Again, I am coming back to things I have looked at during earlier courses, here with the work I did around the Tate Modern exhibition Conflict-Time-Photography (Nov 2014 – Mar 2015) which fed into my final assignment for The Art of Photography. However, I think my understanding of Campany’s essay has moved on considerably since then.
(At this point I should say Campany writes well and persuasively, choosing his words carefully and using them to powerful rhetorical effect. You can tell that – at the time of writing in 2003 – he was not a particular fan of late photography…)
What was Campany on about? To start with, I’ll break his examination of the problems with late photography down into three sections:
1: The TV documentary about Meyorowitz.
Reflections on Ground Zero (Channel 4, 2003) discusses Meyorowitz’s photos which will go on to appear in Aftermath (Phaidon) and be shown online and as part of exhibitions around the world. Campany’s essay starts by highlighting the contrast between television’s ‘state of the art news production’ and Meyerowitz’s ’60 year-old, Deardorff plate camera,’ between events happening live, globally and on TV with the slow ritual nature of large format photography, and between the complexity of the geopolitical situation and the simplicity of both the technology used by Meyerowitz and the message it appeared to be producing..
In the Channel 4 documentary, photographs were being positioned as superior to the television programme in which they were presented, despite containing ‘video images at least as informative as the photographs.’ I have had a look at the video that prompted Campany’s article (it is there, of course, on You Tube) and there is a possible argument to be made, qualifying Campany’s statements about television’s ability to make images ‘at least as informative and descriptive as the photographs’ and so act as a better medium of record than still photography. But of course, the ability of video to capture what someone is saying, rather than simply (?) presenting a static, mute portrait of an individual, opens up all sorts of possibilities for the construction of meaning.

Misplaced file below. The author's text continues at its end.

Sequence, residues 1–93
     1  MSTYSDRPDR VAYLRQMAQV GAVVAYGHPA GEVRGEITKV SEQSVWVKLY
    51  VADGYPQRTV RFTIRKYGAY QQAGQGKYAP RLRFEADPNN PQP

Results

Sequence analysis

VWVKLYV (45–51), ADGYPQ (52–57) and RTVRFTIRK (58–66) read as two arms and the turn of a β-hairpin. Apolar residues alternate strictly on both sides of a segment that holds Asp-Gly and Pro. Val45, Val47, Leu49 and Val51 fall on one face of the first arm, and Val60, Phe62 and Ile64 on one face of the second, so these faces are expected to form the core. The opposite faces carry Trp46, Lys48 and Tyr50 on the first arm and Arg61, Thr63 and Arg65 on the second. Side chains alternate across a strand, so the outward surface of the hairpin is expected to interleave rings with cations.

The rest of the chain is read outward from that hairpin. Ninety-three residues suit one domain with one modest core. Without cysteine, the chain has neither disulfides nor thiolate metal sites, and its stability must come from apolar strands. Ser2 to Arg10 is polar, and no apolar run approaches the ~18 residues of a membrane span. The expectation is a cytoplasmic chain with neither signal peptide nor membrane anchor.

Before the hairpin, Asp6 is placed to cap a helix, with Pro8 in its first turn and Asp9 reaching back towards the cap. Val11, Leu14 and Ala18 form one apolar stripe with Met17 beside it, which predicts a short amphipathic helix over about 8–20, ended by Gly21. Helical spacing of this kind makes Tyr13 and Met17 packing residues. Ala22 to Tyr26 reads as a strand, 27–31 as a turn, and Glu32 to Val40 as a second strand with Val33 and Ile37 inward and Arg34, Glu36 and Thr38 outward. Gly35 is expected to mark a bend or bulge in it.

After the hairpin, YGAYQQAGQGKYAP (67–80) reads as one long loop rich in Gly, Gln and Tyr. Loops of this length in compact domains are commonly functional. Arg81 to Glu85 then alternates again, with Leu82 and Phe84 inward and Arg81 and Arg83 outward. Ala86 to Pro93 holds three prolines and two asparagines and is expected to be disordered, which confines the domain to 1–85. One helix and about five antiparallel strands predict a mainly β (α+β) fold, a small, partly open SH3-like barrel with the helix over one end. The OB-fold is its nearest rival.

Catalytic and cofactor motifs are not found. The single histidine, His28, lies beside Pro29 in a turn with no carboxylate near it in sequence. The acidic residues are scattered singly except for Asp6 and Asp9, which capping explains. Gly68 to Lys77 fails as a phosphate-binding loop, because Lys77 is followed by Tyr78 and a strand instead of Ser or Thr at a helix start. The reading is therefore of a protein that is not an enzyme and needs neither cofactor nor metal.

The sanctioned status of the images taken by Meyerowitz (he was granted access to the ground zero site by the city authorities) will determine how they are viewed (and may mean that they continue to stand out over time). They exemplify stills photography having ‘inherited a major role as undertaker, summariser or accountant [turning] up late, [wandering] through the places where things have happened.’
2: Photographs and Memory; Photographs and Stillness.
Campany describes this as being an approach that was becoming (in 2003) ‘a commonplace use of the medium’ – depicting the aftermath of events – ‘traces of traces, fragments, empty buildings empty streets, damage… static, sombre and straight,’ it is ‘cold not hot,’ ‘it forgoes the presentation of events in progress and cedes them to other media’ Pictures of events have, since the 1970s, been provided by television rather than by the Nikon-toting press cameraman; even the stills used in the press have often been taken from video footage.
And even the concept of ‘stillness’ is different from the way the Victorians perceived images in the days before cinema, Campany argues. Then, all pictures were ‘still’; now ‘still’ (like colour) is a choice and as such has its own meaning, one that is closely linked in the popular imagination to memory, the moment and the significant detail.
The habit of tracking and panning over still images (so prevalent it even was given its own name – the Ken Burns effect – in iPhoto) is repeated in the original television footage of the documentary; it is very difficult to get a television camera pointed at an object or scene to maintain a static frame for any length of time, whereas with stills in a book or framed on a wall, or in a pile on a table in front of you, you can spend as much time looking as you wish, at whichever part you choose. This is, I think, significant. Confronted by a static image (be it a painting or a photograph) television’s preferred position is to act as a stand-in for the viewer, attempting to simulate the way we (the viewer) might look at a picture, reading it in sections as we move from detail to detail.